John Harper, SNY.tv | Twitter |
A feel-good weekend at Citi Field ended with a crashing thud on Sunday, not because the Mets lost the series finale to the Nationals so much as Edwin Diaz gave up still another home run, again raising the question of how this team, even as hot as it is, can survive its own bullpen.
Mickey Callaway has already taken an important and necessary step toward a solution, making Seth Lugo at least the co-closer, using him as he did for two innings to finish out Saturday night's win.
But because the Mets are restricted in how much they can use Lugo, who has a partial tear in his elbow ligament, it's far from a perfect situation.
"It's difficult," Callaway admitted before Sunday's 7-4 loss to the Nationals, "not knowing if he's going to be available the next day. So how do we use him daily to win a game? There are a lot of surrounding factors."
Yes, it's tricky because there are times when Lugo can be used on back-to-back days, depending on his pitch count and how his arm feels, but since Callaway is never sure of that ahead of time, sometimes it makes more sense to use him for two innings, knowing he'll need at least one day of rest before pitching again.
It's a situation that could work fine if Diaz could hold up his end of the new bullpen dynamic, closing on days when Lugo is unavailable. And while Callaway has praised Diaz for accepting what amounts to a demotion with a great attitude, the manager was hoping it might also motivate him to find his old form.
"Maybe there's something deep inside that made him mad he wasn't pitching the ninth inning (Saturday) night," Callaway said before Sunday's game. "Maybe it's something that can give him more of an edge."
So much for that notion.
Suffice it to say Diaz's failures continue to be as exasperating as ever to the Mets, after he gave up two-run home run to Victor Robles in the ninth inning on Sunday, turning a 5-4 deficit into an eventual three-run loss.
Indeed the guy who posted that spectacular 1.96 ERA last season while totaling 57 saves for the Mariners last season now has a 5.60 ERA. He's given up 11 home runs in 45 innings, including four in his last six outings, so it's not as if he's on the verge of some breakthrough.
In truth, Diaz is so unreliable at the moment that Callaway really needs to put him lower-leverage situations, at least for the time being.
After Sunday's game the manager said he's not going to do that, mainly because, though he didn't come right out and say it, he doesn't feel he can trust anyone else besides Lugo to close.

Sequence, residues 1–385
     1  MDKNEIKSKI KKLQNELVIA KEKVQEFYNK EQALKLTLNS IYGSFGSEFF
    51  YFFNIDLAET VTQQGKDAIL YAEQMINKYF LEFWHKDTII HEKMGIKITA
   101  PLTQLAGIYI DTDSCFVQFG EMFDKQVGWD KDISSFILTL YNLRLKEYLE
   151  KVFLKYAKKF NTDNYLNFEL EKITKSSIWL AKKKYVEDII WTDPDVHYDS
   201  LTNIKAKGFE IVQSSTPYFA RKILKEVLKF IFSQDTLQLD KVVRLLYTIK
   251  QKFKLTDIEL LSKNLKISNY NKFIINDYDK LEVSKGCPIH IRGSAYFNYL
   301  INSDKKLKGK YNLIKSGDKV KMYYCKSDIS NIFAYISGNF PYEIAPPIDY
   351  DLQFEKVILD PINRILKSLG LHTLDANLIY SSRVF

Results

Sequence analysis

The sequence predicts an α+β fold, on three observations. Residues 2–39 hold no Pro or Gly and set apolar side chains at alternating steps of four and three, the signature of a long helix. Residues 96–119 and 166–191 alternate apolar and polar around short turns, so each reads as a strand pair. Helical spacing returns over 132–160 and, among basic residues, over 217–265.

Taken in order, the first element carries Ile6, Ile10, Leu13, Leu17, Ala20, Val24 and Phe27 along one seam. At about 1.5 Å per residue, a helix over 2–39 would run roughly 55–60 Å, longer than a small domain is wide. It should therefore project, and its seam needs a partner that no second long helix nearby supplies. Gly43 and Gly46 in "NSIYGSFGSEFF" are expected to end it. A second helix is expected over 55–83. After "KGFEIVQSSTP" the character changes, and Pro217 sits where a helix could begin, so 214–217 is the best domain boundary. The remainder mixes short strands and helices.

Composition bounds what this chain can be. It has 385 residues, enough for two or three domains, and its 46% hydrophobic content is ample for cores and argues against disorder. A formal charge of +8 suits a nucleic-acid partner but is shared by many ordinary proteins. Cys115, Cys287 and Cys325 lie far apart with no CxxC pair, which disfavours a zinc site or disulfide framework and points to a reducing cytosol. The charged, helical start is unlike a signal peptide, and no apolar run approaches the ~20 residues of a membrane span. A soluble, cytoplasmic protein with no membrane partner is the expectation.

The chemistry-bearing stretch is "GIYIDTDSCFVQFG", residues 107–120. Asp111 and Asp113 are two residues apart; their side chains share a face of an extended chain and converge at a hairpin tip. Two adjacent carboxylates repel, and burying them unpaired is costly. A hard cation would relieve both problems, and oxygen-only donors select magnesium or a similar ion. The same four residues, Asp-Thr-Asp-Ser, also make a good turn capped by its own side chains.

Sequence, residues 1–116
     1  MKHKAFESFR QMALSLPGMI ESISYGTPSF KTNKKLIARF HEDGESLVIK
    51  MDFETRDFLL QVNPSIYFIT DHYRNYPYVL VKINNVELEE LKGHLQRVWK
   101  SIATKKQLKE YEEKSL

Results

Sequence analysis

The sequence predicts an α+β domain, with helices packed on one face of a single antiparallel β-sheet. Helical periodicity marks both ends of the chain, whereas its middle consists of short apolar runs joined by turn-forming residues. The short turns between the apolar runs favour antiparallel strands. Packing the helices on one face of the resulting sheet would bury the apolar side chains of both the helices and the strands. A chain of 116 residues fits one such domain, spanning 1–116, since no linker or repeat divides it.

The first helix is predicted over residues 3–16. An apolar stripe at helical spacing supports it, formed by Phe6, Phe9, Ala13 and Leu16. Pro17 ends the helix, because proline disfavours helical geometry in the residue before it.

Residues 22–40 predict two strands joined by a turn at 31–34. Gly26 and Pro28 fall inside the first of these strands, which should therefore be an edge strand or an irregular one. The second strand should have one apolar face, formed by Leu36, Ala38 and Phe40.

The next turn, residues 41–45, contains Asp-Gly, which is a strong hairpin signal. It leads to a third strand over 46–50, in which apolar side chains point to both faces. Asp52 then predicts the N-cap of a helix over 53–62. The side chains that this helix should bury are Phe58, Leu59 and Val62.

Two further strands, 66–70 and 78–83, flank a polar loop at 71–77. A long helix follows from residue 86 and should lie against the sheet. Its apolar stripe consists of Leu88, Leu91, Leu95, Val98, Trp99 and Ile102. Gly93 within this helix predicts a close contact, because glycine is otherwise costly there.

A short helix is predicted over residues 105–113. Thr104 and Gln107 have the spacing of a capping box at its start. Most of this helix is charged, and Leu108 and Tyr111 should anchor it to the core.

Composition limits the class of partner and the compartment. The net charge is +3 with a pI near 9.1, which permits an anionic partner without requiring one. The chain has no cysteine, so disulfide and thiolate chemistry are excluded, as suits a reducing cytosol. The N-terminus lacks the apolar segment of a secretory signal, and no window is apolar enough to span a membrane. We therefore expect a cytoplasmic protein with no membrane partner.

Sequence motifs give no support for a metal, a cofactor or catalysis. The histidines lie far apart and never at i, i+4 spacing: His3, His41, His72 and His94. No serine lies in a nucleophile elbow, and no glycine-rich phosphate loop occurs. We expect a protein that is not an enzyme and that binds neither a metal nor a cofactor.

"At this point, the way we're set up, we can't afford to do that," Callaway said. "So Edwin is going to have to continue to get big out for us, continue to pitch in big games. And like we did last night, we'll pick our spots."
Ok, but Diaz isn't getting big outs. So while it's true the Mets have precious few reliable late-inning arms, at this point they'd be better trying Justin Wilson as what amounts to Lugo's backup-closer.
Or, dare I say it, Jeurys Familia?
I know, I know, Familia has been more disastrous than Diaz for much of the season, but there are at least signs that he's on the way back. He struck out the side in the eighth on Sunday, giving him three straight scoreless outings, and five out of the last six, and he credits Ricky Bones, the new/old bullpen coach for finding something in his delivery.
"Ricky noticed that I was finishing short," Familia said at his locker Sunday, speaking of Bones, who was brought back as bullpen coach when Chuck Hernandez, along with pitching coach Dave Eiland, were fired in June. "Now I'm finishing longer, and my arm is reaching its (prior) release point.
"That's helped made me more comfortable and allowed me to throw strikes."
Callaway said he sees significant improvement in Familia, but apparently not to the point where he's ready to trust him completely yet. And that's understandable.
But to continue believing that Diaz is suddenly going to go back to being a lock-down closer seems like the definition of wishful thinking at this point.
It's tantalizing, no doubt, because he can still look dominant, as he did in blowing away Trea Turner and Anthony Rendon with his fastball on Sunday. But then he paid for a bad decision in throwing the slider, a pitch that hurt him all season, to Robles.
Afterward Callaway said he doesn't like to second-guess pitch selection, but he also noted that Diaz had an electric fastball on Sunday, and, "we always want to get beat with our best stuff. We talk about that a lot."
None of this wipes out the momentum the Mets have built over the last couple of weeks. But if they're going to continue climbing the standings, as they head for Atlanta this week, Callaway has to find even more of a solution to the Diaz problem that just won't go away.